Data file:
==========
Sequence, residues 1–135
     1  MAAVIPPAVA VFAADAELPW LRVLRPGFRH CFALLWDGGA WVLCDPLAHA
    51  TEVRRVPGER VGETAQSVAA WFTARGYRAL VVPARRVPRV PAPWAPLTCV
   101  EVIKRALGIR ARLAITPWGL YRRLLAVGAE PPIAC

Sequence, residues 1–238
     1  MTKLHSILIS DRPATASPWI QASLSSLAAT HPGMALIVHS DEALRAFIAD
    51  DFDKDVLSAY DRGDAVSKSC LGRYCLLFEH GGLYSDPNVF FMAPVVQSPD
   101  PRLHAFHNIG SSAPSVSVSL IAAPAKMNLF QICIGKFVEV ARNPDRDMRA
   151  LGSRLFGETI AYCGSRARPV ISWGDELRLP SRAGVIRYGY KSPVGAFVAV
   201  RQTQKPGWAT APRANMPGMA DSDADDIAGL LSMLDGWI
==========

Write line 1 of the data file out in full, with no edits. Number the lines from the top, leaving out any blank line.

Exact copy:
Sequence, residues 1–135